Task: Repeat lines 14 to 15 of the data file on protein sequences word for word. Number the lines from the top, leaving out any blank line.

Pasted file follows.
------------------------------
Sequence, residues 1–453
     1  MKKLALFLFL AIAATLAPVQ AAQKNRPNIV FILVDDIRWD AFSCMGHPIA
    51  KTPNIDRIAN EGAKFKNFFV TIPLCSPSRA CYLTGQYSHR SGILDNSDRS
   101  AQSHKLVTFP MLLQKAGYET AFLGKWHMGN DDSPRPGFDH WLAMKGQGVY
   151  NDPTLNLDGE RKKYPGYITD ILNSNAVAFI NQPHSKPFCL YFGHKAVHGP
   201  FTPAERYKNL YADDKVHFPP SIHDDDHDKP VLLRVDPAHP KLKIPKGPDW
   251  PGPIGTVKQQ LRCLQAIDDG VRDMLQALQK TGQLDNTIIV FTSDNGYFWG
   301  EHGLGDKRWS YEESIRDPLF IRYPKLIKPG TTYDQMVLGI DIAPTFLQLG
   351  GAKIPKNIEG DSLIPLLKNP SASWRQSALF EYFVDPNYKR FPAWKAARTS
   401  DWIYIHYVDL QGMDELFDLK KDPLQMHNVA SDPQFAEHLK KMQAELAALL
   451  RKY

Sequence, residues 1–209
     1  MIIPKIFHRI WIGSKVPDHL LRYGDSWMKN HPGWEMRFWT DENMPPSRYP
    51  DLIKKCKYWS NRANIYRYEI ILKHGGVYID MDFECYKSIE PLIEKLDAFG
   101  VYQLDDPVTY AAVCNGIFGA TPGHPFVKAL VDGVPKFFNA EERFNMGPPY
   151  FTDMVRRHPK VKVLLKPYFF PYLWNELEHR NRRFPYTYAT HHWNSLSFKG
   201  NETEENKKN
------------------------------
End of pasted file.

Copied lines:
    51  DLIKKCKYWS NRANIYRYEI ILKHGGVYID MDFECYKSIE PLIEKLDAFG
   101  VYQLDDPVTY AAVCNGIFGA TPGHPFVKAL VDGVPKFFNA EERFNMGPPY